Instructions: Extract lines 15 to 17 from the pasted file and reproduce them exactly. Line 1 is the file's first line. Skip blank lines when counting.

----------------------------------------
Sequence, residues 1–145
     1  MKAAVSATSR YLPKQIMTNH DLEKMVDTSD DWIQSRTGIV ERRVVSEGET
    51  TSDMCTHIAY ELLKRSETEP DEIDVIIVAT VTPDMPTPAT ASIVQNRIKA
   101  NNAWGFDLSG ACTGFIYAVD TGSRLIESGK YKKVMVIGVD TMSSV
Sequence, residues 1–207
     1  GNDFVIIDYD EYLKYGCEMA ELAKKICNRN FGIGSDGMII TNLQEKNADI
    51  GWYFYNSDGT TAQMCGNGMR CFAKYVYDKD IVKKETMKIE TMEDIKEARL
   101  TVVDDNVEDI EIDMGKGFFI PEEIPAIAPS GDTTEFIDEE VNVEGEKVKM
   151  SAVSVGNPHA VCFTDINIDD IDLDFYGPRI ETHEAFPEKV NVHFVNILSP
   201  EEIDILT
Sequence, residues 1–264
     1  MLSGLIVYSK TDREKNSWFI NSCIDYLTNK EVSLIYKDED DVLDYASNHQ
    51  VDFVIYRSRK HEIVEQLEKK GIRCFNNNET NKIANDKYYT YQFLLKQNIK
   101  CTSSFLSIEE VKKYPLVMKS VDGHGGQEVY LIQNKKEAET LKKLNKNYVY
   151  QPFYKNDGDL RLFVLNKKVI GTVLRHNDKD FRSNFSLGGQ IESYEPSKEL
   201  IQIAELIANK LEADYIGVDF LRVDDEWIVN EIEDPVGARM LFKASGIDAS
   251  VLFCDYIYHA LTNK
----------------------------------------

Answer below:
   151  QPFYKNDGDL RLFVLNKKVI GTVLRHNDKD FRSNFSLGGQ IESYEPSKEL
   201  IQIAELIANK LEADYIGVDF LRVDDEWIVN EIEDPVGARM LFKASGIDAS
   251  VLFCDYIYHA LTNK